T&E Study: Rising global used cooking oil demand unsustainable
Photo courtesy of Transport & Environment

T&E Study: Rising global used cooking oil demand unsustainable

A new study by Transport & Environment (T&E) highlights the growing unsustainability of global demand for used cooking oil (UCO), with Europe and the United States consuming far more than they can collect. This discrepancy is raising concerns about the environmental impact and potential fraud in the UCO supply chain.

The study underscores the urgent need for more sustainable practices and stricter regulations to manage the global demand for UCO. Without these measures, the environmental benefits of using UCO as a biofuel could be undermined by unsustainable and fraudulent practices, according to T&E.

Transport & Environment is an environmental organisation focused on promoting sustainable transport policies and practices based in Brussels, Belgium.

Key Findings

  1. Soaring Demand: Europe currently uses 130,000 barrels of UCO daily, eight times more than it collects, while the U.S. consumes 40,000 barrels a day. Global airlines are expected to triple their demand for UCO by 2030 to meet sustainable aviation targets.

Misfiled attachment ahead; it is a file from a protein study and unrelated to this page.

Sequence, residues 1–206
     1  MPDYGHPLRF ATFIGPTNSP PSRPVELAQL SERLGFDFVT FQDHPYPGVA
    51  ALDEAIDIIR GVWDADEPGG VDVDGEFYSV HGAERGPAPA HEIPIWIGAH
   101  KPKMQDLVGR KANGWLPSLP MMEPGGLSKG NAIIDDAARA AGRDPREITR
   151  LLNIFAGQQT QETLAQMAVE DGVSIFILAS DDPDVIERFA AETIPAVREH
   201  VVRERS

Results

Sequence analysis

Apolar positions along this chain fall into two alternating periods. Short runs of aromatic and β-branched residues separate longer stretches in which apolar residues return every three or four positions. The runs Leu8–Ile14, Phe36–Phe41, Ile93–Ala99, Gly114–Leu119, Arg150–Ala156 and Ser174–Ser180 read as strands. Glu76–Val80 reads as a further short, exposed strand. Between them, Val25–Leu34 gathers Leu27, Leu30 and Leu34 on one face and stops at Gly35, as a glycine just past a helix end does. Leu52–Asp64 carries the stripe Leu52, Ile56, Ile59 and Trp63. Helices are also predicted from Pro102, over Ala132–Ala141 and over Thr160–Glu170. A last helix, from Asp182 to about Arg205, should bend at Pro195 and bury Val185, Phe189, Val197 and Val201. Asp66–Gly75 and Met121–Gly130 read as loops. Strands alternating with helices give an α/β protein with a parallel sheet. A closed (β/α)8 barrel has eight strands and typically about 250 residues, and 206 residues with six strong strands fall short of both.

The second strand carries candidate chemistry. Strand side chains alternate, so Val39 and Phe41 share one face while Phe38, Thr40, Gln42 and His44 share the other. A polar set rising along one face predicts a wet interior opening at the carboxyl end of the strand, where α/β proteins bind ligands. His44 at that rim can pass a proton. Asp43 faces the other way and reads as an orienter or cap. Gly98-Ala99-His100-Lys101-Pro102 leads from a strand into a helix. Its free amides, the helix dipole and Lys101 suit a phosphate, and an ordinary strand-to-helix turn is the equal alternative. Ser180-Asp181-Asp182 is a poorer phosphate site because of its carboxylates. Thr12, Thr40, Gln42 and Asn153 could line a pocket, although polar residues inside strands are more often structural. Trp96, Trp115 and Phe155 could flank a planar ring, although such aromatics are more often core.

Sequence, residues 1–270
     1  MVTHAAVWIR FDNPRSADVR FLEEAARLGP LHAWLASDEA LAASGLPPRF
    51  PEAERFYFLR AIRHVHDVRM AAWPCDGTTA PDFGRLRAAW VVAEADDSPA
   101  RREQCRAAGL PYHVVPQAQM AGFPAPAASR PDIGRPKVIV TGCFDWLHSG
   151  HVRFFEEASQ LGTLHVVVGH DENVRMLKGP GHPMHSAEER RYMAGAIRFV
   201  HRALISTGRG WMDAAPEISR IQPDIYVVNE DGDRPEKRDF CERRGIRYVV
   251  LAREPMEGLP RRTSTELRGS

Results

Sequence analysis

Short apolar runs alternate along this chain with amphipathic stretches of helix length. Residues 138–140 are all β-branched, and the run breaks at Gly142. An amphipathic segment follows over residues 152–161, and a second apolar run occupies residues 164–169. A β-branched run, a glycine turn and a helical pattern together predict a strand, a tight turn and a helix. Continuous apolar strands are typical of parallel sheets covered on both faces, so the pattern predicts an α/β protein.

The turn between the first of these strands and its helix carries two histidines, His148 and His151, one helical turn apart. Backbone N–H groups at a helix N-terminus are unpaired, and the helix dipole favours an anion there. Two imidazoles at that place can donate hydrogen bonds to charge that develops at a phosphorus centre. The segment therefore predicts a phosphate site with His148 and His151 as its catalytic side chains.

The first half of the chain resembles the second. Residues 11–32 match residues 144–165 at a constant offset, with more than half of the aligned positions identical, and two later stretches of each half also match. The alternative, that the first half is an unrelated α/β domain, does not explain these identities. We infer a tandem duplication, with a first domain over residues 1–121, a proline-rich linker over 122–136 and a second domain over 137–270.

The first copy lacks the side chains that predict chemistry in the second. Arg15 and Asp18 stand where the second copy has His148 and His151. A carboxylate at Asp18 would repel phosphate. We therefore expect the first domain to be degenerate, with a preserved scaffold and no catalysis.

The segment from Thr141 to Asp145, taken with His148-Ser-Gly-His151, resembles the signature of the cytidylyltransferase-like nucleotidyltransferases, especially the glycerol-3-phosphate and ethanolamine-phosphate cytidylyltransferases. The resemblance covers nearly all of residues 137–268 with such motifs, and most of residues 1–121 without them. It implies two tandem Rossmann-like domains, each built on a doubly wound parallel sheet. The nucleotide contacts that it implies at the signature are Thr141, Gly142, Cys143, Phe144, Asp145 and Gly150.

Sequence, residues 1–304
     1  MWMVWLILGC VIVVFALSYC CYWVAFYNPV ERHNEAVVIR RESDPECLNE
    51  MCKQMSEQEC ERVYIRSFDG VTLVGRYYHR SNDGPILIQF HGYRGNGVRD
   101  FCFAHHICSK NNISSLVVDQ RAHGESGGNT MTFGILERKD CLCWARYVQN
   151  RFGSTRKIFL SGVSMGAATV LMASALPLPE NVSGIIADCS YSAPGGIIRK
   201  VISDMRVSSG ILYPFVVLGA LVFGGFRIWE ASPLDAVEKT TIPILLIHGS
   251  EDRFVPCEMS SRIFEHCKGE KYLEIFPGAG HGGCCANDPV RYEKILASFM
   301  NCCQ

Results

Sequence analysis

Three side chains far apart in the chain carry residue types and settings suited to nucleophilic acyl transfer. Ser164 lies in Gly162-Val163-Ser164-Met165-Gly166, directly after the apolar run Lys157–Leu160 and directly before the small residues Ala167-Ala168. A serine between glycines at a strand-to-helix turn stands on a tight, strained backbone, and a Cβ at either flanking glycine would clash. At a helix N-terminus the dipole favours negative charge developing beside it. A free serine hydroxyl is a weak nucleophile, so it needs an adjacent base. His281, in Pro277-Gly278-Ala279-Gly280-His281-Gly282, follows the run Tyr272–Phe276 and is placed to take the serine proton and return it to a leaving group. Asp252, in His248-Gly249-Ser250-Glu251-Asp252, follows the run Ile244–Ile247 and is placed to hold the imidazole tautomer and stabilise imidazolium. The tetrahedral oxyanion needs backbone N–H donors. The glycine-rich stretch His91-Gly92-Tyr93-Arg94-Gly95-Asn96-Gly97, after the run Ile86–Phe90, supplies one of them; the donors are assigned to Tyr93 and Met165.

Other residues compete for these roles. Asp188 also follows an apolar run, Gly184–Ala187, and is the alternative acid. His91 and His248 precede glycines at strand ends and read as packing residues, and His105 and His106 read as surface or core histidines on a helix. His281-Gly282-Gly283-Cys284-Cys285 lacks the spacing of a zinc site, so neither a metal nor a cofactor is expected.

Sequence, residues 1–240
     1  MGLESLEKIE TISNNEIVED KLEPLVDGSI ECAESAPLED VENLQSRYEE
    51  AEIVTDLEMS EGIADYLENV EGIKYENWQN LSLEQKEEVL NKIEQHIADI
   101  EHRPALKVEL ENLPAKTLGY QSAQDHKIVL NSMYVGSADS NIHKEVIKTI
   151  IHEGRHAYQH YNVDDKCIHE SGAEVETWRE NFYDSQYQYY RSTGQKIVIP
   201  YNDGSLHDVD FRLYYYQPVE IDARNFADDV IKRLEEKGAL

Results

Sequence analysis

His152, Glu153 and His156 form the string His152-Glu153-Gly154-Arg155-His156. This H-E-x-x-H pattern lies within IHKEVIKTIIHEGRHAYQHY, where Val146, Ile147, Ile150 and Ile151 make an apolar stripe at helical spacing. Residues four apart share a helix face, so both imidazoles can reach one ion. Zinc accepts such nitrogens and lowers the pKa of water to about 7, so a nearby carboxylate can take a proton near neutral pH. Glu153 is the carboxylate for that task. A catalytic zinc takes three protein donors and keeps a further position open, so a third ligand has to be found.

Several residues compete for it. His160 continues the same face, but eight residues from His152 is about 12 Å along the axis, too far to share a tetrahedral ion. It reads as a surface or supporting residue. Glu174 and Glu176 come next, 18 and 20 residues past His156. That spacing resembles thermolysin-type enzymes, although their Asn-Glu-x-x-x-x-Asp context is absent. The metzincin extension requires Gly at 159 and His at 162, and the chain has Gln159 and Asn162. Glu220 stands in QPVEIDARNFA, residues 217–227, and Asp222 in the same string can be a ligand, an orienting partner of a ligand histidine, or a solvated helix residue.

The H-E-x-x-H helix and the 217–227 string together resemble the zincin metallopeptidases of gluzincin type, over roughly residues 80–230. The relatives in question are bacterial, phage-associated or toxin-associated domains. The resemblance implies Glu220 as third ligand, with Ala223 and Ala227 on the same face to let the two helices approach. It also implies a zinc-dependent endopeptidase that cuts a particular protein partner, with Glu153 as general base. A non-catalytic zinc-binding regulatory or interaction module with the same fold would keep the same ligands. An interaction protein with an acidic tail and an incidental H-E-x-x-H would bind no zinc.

2. Supply Constraints: China, the world’s largest UCO producer, already exports more than half its collected UCO to Europe and the U.S. However, this supply is insufficient to meet future demands, especially with airlines’ increasing consumption.
  3. Potential Fraud: The study reveals discrepancies between UCO collection and export data from China and Malaysia, suggesting fraud and mislabeling of virgin vegetable oil as waste oil. In Malaysia, exports are three times higher than collections, indicating significant adulteration and illegal practices.
  4. Economic Factors: Collecting UCO in China is nearly 30% cheaper than in Europe, leading to an oversupply of Chinese biodiesel and driving down European biofuel market prices in 2023.

Calls for Action

T&E calls for stricter regulations and oversight to curb unsustainable and fraudulent imports of UCO. This includes moving away from voluntary industry-led schemes to stricter EU and national government controls. Additionally, T&E urges the EU to exclude imported UCO from sustainability targets to prevent virgin oils from being misrepresented as used oils.

Cian Delaney, biofuels campaigner at T&E, stressed the limited role UCO can play in decarbonising the transport sector: “Europe needs to stop shipping waste oil across the world and limit itself to what it can collect at home. UCO is not a silver bullet for sustainable aviation and can only provide limited decarbonisation benefits.”

The European Commission is set to announce on June 28 whether it will apply anti-dumping measures on Chinese biodiesel, which could significantly impact the market dynamics and sustainability of UCO imports.